Heads face new ‘fair funding’ power struggle

9th March 2018 at 00:00
New report highlights fears that staff may become more overworked and exposed

Power, devolution, control, autonomy, responsibility. Call it what you will, Scotland’s headteachers are going to get a whole lot more of it. Now, detailed analysis of reaction to this landmark shift has laid bare fears over the financial, legal and workload burdens that may shift onto schools – as well as concerns that vulnerable pupils will fall between newly created cracks in the system.

Quietly published at the same time as a flurry of education statistics and funding announcements, analysis for the Scottish government on responses to a consultation around “fair funding” for schools explores reaction to plans for headteachers to take more control over education spending. It finds deep dissatisfaction among headteachers about current arrangements, which see large disparities in schools’ funding levels around Scotland.

Figures shared exclusively with Tes Scotland show that in large secondaries in the Central Belt, depending on which council a school is located in, a headteacher’s devolved budget can vary by more than £1,000 per pupil.

Prohibitive costs

There is also concern in the education system that headteachers are already overloaded and that things will only get worse if they take on more responsibility. Headteachers warn that they would need “in-house” business managers if they are to take on more financial, HR and procurement responsibilities – but the financial cost of that may be prohibitive.

Many headteachers see the current system of devolved school management (DSM) budgets as flawed, with excessive bureaucracy – stemming from multiple funding streams and “burdensome” procurement processes – “preventing headteachers from focusing on attainment within schools”.

Headteachers also find that the current system creates “inequitable allocation of resources”, making it difficult to plan beyond the next year.

There is widespread support for more control over staffing and educational resources. Some headteachers say “they would be able to find better deals, more quickly, themselves” if they were not reliant on local authority recruitment processes – and that there is some “distrust in council decision making”, with some headteachers having more autonomy than others.


Jim Thewliss, general secretary of School Leaders Scotland, tells Tes Scotland that the current system of allocating money to schools leads to some “shocking” disparities.

“It would be fair to say, however, that there is a fairly common view that we could be doing things better and that we could be targeting resources more effectively,” says Thewliss, who represents secondary heads.

But there is a strong sense of “careful what you wish for” through the report’s analysis of 85 written submissions and six focus groups with headteachers. As well as headteachers, it considers the views of local authorities, class teachers, parents and others – with most concerned over the “risks” of giving schools more control of spending.

Headteachers have repeatedly warned that to take on more responsibility for spending and staffing – meaning less reliance on local authority support – they would need full-time business managers to oversee issues not directly related to learning and teaching.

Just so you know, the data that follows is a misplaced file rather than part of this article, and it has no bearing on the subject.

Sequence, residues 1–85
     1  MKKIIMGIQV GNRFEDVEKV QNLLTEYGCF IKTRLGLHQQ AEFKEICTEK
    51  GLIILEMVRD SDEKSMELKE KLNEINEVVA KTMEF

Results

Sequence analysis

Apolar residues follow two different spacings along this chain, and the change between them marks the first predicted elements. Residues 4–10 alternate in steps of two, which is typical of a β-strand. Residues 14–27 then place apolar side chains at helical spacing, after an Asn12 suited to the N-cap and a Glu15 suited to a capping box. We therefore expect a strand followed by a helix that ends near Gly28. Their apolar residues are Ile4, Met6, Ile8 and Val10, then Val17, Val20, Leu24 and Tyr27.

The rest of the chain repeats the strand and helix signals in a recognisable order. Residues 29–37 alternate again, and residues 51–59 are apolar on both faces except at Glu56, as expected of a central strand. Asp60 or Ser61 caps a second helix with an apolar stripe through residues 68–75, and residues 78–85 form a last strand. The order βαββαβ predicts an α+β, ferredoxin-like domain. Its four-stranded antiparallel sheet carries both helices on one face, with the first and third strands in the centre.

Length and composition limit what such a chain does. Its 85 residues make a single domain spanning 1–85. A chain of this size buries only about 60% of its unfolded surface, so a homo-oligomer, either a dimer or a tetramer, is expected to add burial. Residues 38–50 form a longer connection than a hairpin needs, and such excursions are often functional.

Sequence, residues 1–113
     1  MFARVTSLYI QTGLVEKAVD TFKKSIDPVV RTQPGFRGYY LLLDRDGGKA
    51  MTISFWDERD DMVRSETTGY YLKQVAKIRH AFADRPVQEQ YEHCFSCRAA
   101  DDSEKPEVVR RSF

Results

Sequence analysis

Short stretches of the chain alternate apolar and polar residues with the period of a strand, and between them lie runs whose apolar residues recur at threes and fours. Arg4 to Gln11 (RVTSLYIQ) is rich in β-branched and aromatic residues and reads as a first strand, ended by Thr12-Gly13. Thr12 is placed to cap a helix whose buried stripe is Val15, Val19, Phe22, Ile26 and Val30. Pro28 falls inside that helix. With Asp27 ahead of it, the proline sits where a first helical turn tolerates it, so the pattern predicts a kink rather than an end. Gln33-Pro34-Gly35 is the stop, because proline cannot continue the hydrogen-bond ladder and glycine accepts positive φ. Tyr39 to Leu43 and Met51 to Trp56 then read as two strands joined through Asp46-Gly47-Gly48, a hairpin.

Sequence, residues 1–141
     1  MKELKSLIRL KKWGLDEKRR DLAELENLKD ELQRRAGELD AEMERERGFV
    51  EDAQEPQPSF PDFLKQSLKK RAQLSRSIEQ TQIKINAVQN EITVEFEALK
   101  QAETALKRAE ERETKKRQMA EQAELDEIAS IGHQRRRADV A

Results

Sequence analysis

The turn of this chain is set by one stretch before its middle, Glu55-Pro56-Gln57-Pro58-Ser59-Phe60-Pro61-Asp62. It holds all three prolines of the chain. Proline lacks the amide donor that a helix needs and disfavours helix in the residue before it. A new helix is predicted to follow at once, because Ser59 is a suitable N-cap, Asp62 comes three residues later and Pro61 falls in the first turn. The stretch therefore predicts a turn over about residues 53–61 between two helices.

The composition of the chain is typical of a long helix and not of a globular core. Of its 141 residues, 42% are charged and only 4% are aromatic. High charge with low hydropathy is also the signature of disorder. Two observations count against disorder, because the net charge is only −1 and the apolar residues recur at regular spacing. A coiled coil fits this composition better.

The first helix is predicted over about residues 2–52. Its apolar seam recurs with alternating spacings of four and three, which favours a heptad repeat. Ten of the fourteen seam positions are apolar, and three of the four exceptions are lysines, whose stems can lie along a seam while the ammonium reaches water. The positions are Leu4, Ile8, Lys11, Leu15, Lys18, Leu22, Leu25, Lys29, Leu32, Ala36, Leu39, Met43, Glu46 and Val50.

One unnamed council, however, says it would cost £2.1 million to provide a business manager in every school, or £360,000 for a school cluster – at a time when local education spending is under increasing pressure (“Councils have ‘scope to reduce teacher numbers’”, Tes Scotland, 23 February).

Bearing the risk

Some respondents argue that certain services currently available to all schools as a result of shared council budgets would not be viable at a school level, including areas around additional support needs (ASN), educational psychology and specialist staff training. There is also concern over the future of schools’ support for LGBT issues and English as an additional language.

The report highlights fears that leaving schools to manage such areas of spending “would be inefficient, affect existing budgets, and leave some schools at financial risk”.

Focus groups with headteachers raised concerns about legal risks: that “they would be accountable for events outside their control” such as decreasing pupil attainment caused by factors beyond the school gates. Many headteachers and teachers fear “coming under fire” from parents.

Local government organisation Cosla is resisting changes to the system of education spending, insisting that councils already “ensure that public money is spent efficiently and effectively”. A spokesman says it is important that “responsibility for school finance remains with locally elected politicians who can be held accountable to their communities”.

Greg Dempster, general secretary of primary school leaders’ body AHDS, says the government report “provides a good reflection of the range of views across various interest groups”. He calls for more clarity around new governance arrangements, adding that the report highlights “tensions” around funding for “loosely-defined” areas such as the new regional improvement collaboratives.

A Scottish government spokesman says: “Our education reforms are focused on giving schools and headteachers more power and money to raise standards and close the attainment gap. Our reform proposals are based on international evidence of how high-performing education systems work – and will deliver extra help for teachers in the classroom, more professional development and a stronger voice for parents and pupils.”

He adds: “We will give careful consideration to feedback on our consultations on fair funding and the Education (Scotland) Bill.”


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